Living in Two Worlds

I found another OLD book on the shelf I thought I would excerpt for you.  Again, this is a small book, insignificant, really, and old.  Published in 1987 by Gospel Advocate Co., it has collected dust for many years on my shelf.  But I never forget one little vignette in it that I will now reprint here for you.  It is just the kind of sermon illustration I recall growing up with in the “good old days”, a kind I hear very little any more.  Perhaps I am just old and old fashioned, but honestly I don’t think the book over all is really worth much.



The book is called Living in Two Worlds by Mike Cope.  I am not recommending the book, but I think this tidbit from it will be worth your time.

From Page 54 and 55:

The kingdom of God, not things, should be central to our lives (1 Timothy 6:11-16).  At the core of our lives should be found, not cars or homes or IRAs, but the kingdom of God.  Jesus put it this way:  “Seek first the kingdom of God and his righteousness and then all the things you really need will be added to your lives.”

Tony Campolo tells of a Mennonite conference debating their historic position that a Christian shouldn’t fight in a war.  A wealthy old Mennonite gentleman who wanted to be able to protect what he had if anyone invaded his property attacked the position.  He was answered by a younger Mennonite.  “It’s all right for you to talk in this lofty manner,” the old gentleman said, “but one of these days they’ll come and take everything you have.”

The young man responded, “This poses no problem for me.  You see, Sir, when I became a Christian, I gave everything I had to Jesus.  If they come, they can take from me what belongs to him, and that’s his problem.”

“All right,” the old man responded, “They can’t take what you have because you don’t have anything, but they can kill you.”

The young man answered, “No, they can’t.  You see, Sir, I’m already dead.  When I became a Christian, the life that belongs to this world came to an end, and the new life that I received in Christ can never be snuffed out.”

In frustration, the older man said, “They may not be able to take what you have and they may not be able to kill you, but they can make you suffer.”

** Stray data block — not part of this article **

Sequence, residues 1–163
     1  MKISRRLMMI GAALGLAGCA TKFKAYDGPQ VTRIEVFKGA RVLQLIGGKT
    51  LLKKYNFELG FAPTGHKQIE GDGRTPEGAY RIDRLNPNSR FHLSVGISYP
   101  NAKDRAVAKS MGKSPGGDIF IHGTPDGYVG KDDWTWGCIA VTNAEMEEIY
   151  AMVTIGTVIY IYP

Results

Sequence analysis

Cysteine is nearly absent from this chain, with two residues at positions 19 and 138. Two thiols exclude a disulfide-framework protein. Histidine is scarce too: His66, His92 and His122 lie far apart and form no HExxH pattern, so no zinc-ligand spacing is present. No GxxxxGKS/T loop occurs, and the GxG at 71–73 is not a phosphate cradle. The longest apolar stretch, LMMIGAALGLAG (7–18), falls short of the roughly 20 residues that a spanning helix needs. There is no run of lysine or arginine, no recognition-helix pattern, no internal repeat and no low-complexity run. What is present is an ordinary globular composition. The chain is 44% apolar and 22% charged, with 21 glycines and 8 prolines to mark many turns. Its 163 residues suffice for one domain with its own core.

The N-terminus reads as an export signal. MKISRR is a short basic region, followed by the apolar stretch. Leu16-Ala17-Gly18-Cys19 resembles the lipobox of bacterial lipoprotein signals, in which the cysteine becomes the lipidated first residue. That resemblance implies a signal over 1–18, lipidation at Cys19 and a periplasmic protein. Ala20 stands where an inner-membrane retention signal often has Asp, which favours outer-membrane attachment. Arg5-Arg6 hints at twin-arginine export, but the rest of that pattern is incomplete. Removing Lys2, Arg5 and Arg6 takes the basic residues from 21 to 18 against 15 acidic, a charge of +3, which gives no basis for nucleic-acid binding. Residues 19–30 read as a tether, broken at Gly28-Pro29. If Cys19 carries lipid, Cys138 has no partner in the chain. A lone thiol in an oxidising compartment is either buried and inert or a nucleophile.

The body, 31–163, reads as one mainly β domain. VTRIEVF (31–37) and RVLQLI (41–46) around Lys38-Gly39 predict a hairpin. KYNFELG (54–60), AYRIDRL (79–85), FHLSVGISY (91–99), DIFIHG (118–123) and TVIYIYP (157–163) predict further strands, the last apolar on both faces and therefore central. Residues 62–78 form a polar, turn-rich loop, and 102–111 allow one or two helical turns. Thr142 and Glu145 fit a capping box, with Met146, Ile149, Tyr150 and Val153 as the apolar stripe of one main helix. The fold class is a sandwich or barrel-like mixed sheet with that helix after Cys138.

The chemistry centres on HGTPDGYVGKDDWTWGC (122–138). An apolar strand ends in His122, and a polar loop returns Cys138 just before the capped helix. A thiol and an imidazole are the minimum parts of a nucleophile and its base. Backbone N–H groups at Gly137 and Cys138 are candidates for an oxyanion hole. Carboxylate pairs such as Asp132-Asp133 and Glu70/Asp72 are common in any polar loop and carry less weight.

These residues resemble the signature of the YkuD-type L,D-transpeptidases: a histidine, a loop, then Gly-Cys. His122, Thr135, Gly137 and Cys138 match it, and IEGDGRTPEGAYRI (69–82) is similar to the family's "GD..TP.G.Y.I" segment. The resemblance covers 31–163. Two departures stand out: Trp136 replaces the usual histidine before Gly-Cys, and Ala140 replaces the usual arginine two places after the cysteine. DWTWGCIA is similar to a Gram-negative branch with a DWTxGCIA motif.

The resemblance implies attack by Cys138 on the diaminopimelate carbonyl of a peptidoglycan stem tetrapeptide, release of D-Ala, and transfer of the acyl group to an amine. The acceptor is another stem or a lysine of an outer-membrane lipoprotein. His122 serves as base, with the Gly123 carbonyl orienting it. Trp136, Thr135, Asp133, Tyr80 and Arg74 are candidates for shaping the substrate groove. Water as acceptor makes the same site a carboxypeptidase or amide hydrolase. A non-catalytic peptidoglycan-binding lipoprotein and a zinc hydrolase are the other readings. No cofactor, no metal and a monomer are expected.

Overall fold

Once again the young man answered, “When that day comes, I hope I will remember the words of Jesus, who said, ‘Blessed are those who are persecuted for righteousness’ sake, for theirs is the kingdom of heaven.’ You see, Sir, there is not much you can do to somebody who doesn’t have anything, who’s already dead, and who rejoices in persecution.”

If the kingdom of God is at the heart of our lives, we can use the things we have to his glory.  It’s not right or wrong to be rich or poor.  But wherever God has placed you in this life, be sure that you possess your things as a steward of God and that they don’t possess you.

I wonder if, when Mike Cope wrote these words way back in 1987, he imagined all those Christian homes he was preaching to with their guest bedrooms going empty night after night being filled with the homeless.  If he did, he did not tell us and we did not think it, but the implication certainly seethes beneath the surface of his words anyway.


  1. Agent X · December 31

    Reblogged this on Fat Beggars School of Prophets and commented:

    In light of the recent church shooting last Sunday here in Texas (Church of Christ, no less – my people), it seems more than pertinent that we revisit this post from my blog. I note the author of the original story is Tony Campolo (beloved by many Protestant Christians) and it is found repeated in a book by Mike Cope (beloved by many within the churches of Christ!). Let’s listen again to these words which used to be safe when they were so hypothetical, but now have become deadly dangerous to us, and which we probably don’t want to remember anymore.


  2. Dick Capps · January 1

    Thank you for posting this. I wish I had the faith and conviction of the young Mennonite.


  3. Pingback: Does Matthew 4: 8-9 Teach Nonviolence? – NONVIOLENT CHRISTIANS

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